CIA Goes Undercover

Control Design Sends Its Undercover Agents to Uncover What's Behind Their I/O Systems Market Inteligence Report

By Katherine Bonfante, Managing Editor, Digital Media

It’s a bird. It’s a plane.

It’s Control Design’s undercover agents?

That’s right. The Control Intelligence Agency (CIA) sent out its best team of undercover agents to get right to the bottom of  I/O system use by our machine builder audience.

Our agents put together what we think is an informative and entertaining video, “Market Intelligence Report: I/O Systems,” which is the first of our 2008 intelligence reports. You can watch it by visiting

When it comes to machine builder technology information, Control Design has proved to be a leader, and who else would be better to get to the bottom of this?

In this video we cover topics such as I/O location, signal requirements, controller technology, connectivity and annual spending. The main question we want to answer is how machine builders are using I/O systems in today’s world.

The video opens with a client entering Control Intelligence Agency headquarters, where Agent M and Agent B are standing by to answer the client’s questions.

  • Are machine builders using remote or centralized I/O?
  • What kind of signals are system integrators using with their I/O modules—digital or analog?
  • How much money are users spending on I/O systems each year?
  • How are users connecting their I/O?

Our undercover agents travel great distances, investigating and learning how machine builders use I/O systems. In February 2008, we involved nearly 150 machine builders. The I/O system users we questioned represent every major market segment in Machine Builder Nation.

Agent M and Agent B learned that I/O systems are primarily centralized but some do have remote capabilities.

Ninety percent of respondents said their I/O systems are DIN-rail mounted in enclosures, and more than a third of those polled have digital signal requirements for their systems. However, half of the respondents have a mix of digital and analog requirements for their I/O systems.

Furthermore, 76 % of respondents said they use PLC controller technologies, and 83% reported that they are using hardwiring to connect their I/O systems.

Most importantly, 33% of I/O system users spend more than $100,000 on their I/O systems per year.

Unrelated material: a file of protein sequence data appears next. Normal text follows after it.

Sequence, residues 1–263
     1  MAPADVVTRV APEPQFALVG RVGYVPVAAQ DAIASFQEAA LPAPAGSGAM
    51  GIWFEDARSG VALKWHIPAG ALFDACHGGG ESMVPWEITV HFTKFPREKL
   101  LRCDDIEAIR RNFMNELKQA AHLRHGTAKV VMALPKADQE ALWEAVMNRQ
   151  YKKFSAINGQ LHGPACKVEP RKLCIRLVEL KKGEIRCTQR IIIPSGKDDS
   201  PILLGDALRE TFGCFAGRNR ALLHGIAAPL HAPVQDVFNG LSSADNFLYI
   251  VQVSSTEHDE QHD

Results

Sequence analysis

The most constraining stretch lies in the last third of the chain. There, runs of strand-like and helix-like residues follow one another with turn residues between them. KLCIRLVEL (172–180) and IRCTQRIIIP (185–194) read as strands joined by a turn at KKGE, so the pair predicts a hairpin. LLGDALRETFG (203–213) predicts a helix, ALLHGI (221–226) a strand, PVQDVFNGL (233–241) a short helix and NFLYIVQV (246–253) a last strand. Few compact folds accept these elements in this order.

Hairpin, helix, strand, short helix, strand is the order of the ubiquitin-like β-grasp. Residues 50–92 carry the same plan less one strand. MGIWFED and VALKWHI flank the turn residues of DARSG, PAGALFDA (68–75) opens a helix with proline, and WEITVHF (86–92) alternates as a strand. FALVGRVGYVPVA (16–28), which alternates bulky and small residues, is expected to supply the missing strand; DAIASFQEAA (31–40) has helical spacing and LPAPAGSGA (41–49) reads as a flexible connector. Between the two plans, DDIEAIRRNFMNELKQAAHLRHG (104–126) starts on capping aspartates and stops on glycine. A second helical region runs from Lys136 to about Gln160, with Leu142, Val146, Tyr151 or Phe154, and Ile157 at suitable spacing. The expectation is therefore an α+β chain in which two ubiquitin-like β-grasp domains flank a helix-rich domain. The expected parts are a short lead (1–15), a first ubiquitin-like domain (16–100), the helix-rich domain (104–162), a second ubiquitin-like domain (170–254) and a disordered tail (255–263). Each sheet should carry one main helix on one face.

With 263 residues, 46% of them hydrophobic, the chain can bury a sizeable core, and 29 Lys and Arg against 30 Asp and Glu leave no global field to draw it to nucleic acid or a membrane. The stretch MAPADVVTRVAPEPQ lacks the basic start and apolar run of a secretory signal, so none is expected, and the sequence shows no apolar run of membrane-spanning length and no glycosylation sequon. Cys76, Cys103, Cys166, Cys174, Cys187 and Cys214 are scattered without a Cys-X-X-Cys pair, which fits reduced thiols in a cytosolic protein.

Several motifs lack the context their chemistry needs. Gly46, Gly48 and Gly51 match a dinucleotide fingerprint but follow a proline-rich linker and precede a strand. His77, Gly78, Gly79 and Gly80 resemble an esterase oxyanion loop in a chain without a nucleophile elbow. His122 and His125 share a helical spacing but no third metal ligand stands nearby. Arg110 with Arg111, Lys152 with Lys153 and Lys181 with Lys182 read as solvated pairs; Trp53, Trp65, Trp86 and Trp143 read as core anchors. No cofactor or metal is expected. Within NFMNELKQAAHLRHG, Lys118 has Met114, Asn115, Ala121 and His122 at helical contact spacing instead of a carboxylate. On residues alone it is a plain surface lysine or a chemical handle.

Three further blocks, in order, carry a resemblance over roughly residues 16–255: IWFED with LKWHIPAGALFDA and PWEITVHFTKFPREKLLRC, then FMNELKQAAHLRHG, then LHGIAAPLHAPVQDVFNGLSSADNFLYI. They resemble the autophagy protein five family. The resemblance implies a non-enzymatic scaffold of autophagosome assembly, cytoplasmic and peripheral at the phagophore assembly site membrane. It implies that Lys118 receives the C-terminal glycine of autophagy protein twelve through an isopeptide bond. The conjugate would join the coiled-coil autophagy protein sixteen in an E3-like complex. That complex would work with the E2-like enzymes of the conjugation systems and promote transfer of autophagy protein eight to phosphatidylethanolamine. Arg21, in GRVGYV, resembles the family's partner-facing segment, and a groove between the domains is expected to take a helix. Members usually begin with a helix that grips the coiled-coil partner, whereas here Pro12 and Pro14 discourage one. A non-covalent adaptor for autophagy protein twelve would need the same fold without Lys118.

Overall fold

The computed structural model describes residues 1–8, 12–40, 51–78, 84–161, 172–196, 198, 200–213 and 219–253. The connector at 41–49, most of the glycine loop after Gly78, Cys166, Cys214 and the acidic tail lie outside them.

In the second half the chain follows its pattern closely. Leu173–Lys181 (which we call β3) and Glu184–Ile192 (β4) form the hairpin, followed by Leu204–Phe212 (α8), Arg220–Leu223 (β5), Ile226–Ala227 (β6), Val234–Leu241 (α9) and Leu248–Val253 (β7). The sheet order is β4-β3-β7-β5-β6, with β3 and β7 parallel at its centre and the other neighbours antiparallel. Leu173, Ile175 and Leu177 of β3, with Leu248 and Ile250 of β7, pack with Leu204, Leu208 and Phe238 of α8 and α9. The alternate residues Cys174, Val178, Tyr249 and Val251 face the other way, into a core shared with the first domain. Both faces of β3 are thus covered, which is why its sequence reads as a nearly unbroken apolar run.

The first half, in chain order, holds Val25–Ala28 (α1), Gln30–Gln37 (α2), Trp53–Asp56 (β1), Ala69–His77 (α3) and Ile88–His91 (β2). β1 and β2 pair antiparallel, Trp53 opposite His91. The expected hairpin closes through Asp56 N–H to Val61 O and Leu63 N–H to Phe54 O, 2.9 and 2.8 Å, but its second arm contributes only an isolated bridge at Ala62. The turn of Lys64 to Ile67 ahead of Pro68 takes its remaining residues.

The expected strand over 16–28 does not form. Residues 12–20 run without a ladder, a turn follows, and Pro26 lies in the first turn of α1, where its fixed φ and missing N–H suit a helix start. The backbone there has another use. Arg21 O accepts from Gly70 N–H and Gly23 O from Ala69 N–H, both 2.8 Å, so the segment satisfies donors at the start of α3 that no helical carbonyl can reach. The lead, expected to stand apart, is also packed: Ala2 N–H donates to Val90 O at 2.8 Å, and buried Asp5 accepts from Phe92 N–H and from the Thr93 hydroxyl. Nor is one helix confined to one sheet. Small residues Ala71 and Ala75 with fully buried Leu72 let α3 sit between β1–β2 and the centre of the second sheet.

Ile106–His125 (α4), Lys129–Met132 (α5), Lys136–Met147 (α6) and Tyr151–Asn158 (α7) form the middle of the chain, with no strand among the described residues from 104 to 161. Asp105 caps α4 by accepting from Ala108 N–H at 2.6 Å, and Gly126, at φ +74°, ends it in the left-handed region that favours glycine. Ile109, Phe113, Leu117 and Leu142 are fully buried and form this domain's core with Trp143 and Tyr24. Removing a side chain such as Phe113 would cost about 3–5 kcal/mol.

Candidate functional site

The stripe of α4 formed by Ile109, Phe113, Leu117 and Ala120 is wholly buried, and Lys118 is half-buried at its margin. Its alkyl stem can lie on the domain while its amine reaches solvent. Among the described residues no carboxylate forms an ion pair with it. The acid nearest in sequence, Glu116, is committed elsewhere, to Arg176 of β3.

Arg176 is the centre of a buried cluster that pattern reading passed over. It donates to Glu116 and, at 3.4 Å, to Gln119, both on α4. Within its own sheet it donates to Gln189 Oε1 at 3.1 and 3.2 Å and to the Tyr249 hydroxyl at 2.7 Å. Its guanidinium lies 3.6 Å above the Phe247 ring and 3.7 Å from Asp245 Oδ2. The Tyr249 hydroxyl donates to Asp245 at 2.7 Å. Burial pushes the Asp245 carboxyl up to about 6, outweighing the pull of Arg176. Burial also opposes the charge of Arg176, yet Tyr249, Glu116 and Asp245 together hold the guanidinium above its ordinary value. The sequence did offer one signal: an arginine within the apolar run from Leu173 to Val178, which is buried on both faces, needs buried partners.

If you haven’t watched this video, stop by Control Design’s multimedia library and watch it now.

This is just a snippet of our findings, but by watching the “Market Intelligence Report: I/O Systems” video, you’ll learn the entire in-depth results our undercover field agents put together.



New White Papers

The Advantages of Small Form Factor HMI
This white paper discusses HMI trends, specifically the need for small form factor versions.

Electro-Hydraulic Motion Controllers Enable Breakthroughs in Machine Productivity and Reduce Lifecycle Costs
New electro-hydraulic control systems are available to empower new machines or give new life to old ones.

To download PDF papers, go to

Special to the Web

Automation Comes Clean
View a demonstration at Ellis’ headquarters in the Chicago suburbs and get a firsthand view of the controls and automation that Ellis uses in its machines at

Machine Builder Forum
React to, comment on or disagree with postings from all the Control Design editors at

USBC’s Robotic bowling ball thrower
Who is Harry? Read about and learn how the robotic bowling ball thrower works at

Free Subscriptions

Control Design Digital Edition

Access the entire print issue on-line and be notified each month via e-mail when your new issue is ready for you. Subscribe Today. E-Newsletters

Biweekly updates delivering feature articles, headlines with direct links to the top news stories that are critical to staying up to date on the industry — company news, product announcements, technical issues and more. Subscribe Today.